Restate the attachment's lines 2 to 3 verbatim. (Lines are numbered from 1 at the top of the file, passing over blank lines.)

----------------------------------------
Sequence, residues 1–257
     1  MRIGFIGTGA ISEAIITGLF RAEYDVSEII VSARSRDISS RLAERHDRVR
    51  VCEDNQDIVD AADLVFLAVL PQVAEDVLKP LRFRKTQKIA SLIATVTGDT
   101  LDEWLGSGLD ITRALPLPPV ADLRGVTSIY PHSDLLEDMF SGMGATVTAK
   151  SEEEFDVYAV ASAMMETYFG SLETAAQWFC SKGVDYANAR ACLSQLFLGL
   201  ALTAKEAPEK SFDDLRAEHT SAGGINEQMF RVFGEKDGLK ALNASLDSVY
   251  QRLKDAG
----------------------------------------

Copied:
     1  MRIGFIGTGA ISEAIITGLF RAEYDVSEII VSARSRDISS RLAERHDRVR
    51  VCEDNQDIVD AADLVFLAVL PQVAEDVLKP LRFRKTQKIA SLIATVTGDT